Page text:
Reform assists the indebted and blows the dust off antiquated bankruptcy law


Analysis:Minister for Justice Alan Shatter has described the Personal Insolvency Bill as the “most radical reform [in this area] since the foundation of the State”. Politicians are prone to exaggeration but he is not far off the mark.

The legislation runs to 145 sections and there were well over 200 amendments debated before it passed the final hurdle in the Oireachtas last night.

It has been three years in the making and Shatter is confident it will be up and running by March 1st.

The new law replaces Ireland’s antiquated and inflexible bankruptcy law with a court-backed system of mechanisms designed to help individuals who find themselves hopelessly in debt.

It deals with sums ranging from less than €20,000 to debts totalling €3 million. Given the scale of the property crash and the crisis, there are plenty of such individuals. And for many, their family home – especially if in negative equity – has become an albatross.

Secure homestead

Shatter told The Irish Times yesterday his aim was to ensure that people were not forced to vacate their homes because they were in mortgage debt. The solutions all involve a “degree of forbearance over a period of time” to debtors, he said. In reality, that will mean debt write-off.

The mechanisms are detailed but the principles are pretty straightforward.

“This is not a magical mystery tour,” is how Shatter puts it. At its essence, a portion of the debt is written off. If that fails, there is the nuclear option of bankruptcy. That too, however, has changed, reduced from a punitive 12 years to a more manageable three, even though that period can be extended to up to eight years.

Shatter argues that three years is close to the EU norm, although not as facilitative as the UK, where it is one year.

Opposition parties and interest groups have expressed some deep and fundamental concerns. Most of the critical focus has been on a claimed concession to financial institutions and an assertion that banks can exercise a veto on any proposal. Those critics say that the banks will not accede to proposals involving debt-forgiveness. Shatter has argued that they will.

The scheme involves the setting up of a new body, the Insolvency Service of Ireland, which will manage the scheme.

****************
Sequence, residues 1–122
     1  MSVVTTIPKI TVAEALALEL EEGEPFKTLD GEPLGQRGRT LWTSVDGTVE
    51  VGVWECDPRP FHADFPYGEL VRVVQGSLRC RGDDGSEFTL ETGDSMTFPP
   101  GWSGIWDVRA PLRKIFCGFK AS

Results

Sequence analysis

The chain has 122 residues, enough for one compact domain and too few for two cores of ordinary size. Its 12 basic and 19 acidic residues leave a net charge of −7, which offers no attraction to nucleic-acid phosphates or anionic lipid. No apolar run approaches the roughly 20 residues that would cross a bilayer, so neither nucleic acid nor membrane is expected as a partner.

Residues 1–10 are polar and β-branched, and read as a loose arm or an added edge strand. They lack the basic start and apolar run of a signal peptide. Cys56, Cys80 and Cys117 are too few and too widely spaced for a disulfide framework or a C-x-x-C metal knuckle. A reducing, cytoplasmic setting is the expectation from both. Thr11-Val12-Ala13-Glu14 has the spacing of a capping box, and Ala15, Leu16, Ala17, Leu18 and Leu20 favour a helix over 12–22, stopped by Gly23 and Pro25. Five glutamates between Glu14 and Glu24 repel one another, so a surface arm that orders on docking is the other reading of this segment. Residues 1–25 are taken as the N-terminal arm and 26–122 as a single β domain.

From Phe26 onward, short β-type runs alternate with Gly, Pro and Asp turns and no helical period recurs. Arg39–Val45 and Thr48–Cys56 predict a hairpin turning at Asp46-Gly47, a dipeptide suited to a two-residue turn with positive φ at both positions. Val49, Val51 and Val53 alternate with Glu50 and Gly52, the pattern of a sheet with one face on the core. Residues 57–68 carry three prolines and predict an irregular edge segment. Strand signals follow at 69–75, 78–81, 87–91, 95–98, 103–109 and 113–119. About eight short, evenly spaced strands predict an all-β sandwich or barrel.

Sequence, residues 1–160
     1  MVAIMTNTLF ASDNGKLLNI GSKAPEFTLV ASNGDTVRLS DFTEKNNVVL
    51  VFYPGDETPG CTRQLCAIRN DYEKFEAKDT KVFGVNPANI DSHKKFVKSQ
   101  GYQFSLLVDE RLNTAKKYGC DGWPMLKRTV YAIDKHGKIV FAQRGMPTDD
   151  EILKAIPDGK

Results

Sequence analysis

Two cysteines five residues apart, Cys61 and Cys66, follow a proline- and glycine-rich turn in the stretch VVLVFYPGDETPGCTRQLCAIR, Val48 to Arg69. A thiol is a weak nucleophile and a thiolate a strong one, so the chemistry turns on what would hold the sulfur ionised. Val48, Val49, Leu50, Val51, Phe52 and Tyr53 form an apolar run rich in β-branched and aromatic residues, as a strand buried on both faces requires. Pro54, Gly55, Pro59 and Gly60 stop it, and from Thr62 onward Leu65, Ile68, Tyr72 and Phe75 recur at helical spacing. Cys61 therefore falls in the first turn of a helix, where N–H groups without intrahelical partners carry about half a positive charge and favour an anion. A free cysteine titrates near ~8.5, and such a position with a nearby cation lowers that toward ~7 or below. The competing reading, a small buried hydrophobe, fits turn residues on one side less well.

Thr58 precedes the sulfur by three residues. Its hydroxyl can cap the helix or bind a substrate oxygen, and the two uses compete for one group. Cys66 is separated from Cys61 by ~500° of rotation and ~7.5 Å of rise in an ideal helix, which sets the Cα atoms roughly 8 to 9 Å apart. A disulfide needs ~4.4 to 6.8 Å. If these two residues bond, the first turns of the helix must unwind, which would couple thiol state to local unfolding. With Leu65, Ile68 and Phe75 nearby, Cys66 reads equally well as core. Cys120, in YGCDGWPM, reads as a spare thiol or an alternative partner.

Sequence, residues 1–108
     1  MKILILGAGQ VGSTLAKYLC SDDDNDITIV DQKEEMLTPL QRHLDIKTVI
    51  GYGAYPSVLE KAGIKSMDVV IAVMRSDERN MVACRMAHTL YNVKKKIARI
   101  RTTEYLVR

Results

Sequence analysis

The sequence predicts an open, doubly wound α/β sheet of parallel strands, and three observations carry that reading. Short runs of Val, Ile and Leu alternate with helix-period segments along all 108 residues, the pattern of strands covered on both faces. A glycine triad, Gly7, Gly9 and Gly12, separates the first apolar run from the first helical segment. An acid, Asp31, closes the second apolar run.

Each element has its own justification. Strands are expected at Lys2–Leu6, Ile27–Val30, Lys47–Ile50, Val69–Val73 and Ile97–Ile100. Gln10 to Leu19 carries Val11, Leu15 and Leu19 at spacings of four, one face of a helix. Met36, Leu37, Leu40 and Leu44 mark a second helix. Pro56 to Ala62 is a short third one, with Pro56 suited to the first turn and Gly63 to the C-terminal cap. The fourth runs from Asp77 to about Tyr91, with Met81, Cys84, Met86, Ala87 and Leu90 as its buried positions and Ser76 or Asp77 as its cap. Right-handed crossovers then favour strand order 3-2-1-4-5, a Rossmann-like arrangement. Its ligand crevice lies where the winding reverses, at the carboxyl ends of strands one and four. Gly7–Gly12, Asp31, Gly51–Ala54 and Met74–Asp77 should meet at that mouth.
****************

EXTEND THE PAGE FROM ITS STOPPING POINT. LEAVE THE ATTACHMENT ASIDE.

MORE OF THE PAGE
There are three different arrangements. The first is a personal insolvency arrangement (PIA), mainly aimed at those with secured assets including mortgage debt. They must have debts over €20,000 and up to €3 million and must be in a position where there is no possibility of full repayment.

The application must be made and approved by the Circuit Court (eight specialist judges will be assigned), while a “personal insolvency practitioner” will try to broker an agreement between debtor and institution.

Families will be allowed to live in their home unless it is disproportionately expensive compared to their means.

A combination of lenders with 65 per cent of the debt must agree to the PIA, which lasts about six years, by which stage non-mortgage debt is discharged.

Debt settlement

The scheme for a debt-settlement arrangement is broadly the same, but it deals with amounts of more than €20,000 in unsecured debt.

The third solution is a debt- relief notice which deals with debt less than €20,000, where people have low disposable incomes and few assets and have no prospect of paying the debts.

If a person opts for bankruptcy, the period has been reduced from 12 years to three. One of the upshots is that those who have been bankrupted under the old legislation, including businessman Seán Quinn, will be in a position to discharge their debts after three years.

However, the legislation has been harshly criticised.

Hypothetical and untested

David Hall of the Irish Mortgage Holders Organisation says it is hypothetical and untested and reliant on the banks to co-operate – he insists they won’t.

“The Minister wants to say this piece of legislation will have a hypnotic effect on the bank. It won’t,” says Hall. “Any process that is controlled by the lender can only fail.”

Independent TD Stephen Donnelly said he would vote against the Bill “with reluctance” because of the inclusion of provision of a bankruptcy payment order, which he said had the effect of extending the bankruptcy from three to eight years.

“The Bill introduces a credible threat for the borrower to say that if the lender did not compromise in a reasonable manner, the lender would declare himself bankrupt.”

Ross Maguire SC, a founder of New Beginning, said he broadly welcomed the legislation. “It is very innovative but it does take the banks to co-operate. If banks co-operate, it will be a huge success. If they don’t, they will break it.”

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